Witnessing, study and practicing reciprocity

Social Sciences

- Anne MacLaurin

Growing up sailing the South Pacific with his family, Bradley Clements learned the importance of communication between visitors and locals. The elements of mutual respect between his family and island inhabitants—learning about local culture and customs in real-world settings—stayed with Clements as a lifelong lesson.

Predominately homeschooled by his parents during their years of world travelling, Clements eventually returned to the family’s home-base in Victoria, attending Camosun and eventually UVic—graduating later this month with a bachelor’s in anthropology.

Initially considering medieval studies or urban geography at UVic, Clements was drawn to Dr. Andrea Walsh’s applied anthropology class where he first learned how anthropology could be useful in First Nations reconciliation and decolonization.  As her research assistant, he worked with the Aller Collection of Residential School children’s art, the Alberni Valley Museum, the Legacy Art Gallery, and met with residential school survivors. That work led Clements to travel to Ottawa during the Truth and Reconciliation Commission where he continued his work and met more survivors.

“It is an honour and privilege to work with others involved with this project, especially survivors,” says Clements. “I think that museum work can and does play a key part in reconciliation,” he continues, “when First Nations have ownership and power over their own art and materials.”

What Clements loved most about his time at UVic was the community of students and his work with Walsh. “I’ve learned so much from my relationships with my classmates, friends and teachers at UVic,” he explains. “Working with survivors, with artwork and with Andrea have been a huge inspiration.”

“For my JCURA project I listened to the experiences of visitors and Survivors when they visited the exhibit of residential school children’s art at the Alberni Valley Museum,” says Clements.

During his final year, Clements badly broke both wrists in a cycling accident. For some this would be a major setback, but Clements overcame the challenges and continued to work and finish his projects.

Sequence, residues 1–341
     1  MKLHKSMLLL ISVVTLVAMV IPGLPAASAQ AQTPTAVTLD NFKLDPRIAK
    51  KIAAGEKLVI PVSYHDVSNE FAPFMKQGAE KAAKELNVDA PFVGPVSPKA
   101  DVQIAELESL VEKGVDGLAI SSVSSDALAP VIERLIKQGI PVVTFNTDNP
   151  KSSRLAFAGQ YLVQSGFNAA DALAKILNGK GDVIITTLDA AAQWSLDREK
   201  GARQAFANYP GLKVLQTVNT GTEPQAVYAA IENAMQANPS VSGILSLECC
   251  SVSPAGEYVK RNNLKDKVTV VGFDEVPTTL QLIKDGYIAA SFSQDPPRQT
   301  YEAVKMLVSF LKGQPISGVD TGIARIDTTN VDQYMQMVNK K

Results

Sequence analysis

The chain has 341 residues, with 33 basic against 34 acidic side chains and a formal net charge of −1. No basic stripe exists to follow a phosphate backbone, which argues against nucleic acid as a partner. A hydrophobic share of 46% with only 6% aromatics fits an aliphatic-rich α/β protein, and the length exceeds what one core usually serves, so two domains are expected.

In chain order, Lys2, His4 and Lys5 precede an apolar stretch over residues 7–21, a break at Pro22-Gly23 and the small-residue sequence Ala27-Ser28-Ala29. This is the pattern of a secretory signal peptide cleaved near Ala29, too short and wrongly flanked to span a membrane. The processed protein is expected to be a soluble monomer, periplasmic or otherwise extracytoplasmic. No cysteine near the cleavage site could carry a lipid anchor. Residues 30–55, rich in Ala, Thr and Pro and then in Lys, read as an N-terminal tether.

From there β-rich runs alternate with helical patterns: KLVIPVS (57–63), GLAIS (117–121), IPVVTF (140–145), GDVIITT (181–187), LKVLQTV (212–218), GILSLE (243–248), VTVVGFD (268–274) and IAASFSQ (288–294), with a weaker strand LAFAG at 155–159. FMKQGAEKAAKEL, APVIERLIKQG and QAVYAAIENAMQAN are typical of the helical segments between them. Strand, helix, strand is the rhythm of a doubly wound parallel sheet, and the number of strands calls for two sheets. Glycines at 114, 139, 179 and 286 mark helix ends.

“I’m grateful to my friends and the anthropology staff and faculty for their kindness and understanding,” says Clements. “They were very supportive and helped me get through a difficult time.”

Clements sees that support in a wider context of building and living good relationships—a mark of how he approached his time at UVic, and of the elements of campus community he most appreciates.

“I’m amazed by all the work that so many people are putting in to making UVic a safe, empowering community,” says Clements. “I am thankful to all the advocacy groups, the Anti-Violence Project, the Men’s Circle, Native Students Union, Pride, UNI 101 and all the professors and support staff.”

Clements gained great experience (and financial support) working as an assistant curator for the Legacy Art Gallery and as a research assistant for the Residential and Indian Day School Art Research collective. He’s also grateful for an entrance scholarship and a JCURA research award that helped facilitate his studies. “Reciprocating to my community and learning from others in it has been really important to me, such as volunteering with the UNI 101 program and the Anti-Violence Project,” says Clements.

Since wrapping up his coursework, Clements has been travelling and visiting lots of museums, as well as working on the final edits of his first published paper, “The Power of Return: Repatriation and Self-Representation in the Aftermath of the Alberni Indian Residential School.”

He was also offered SSHRC funding for graduate research at four universities—and chose to continue at UVic. “I want to honour the work I began with the residential school survivors and Dr. Walsh,” he explains.


In this story

Keywords: convocaton, anthropology, alumni, community, convocation, student life

People: Bradley Clements, Andrea Walsh

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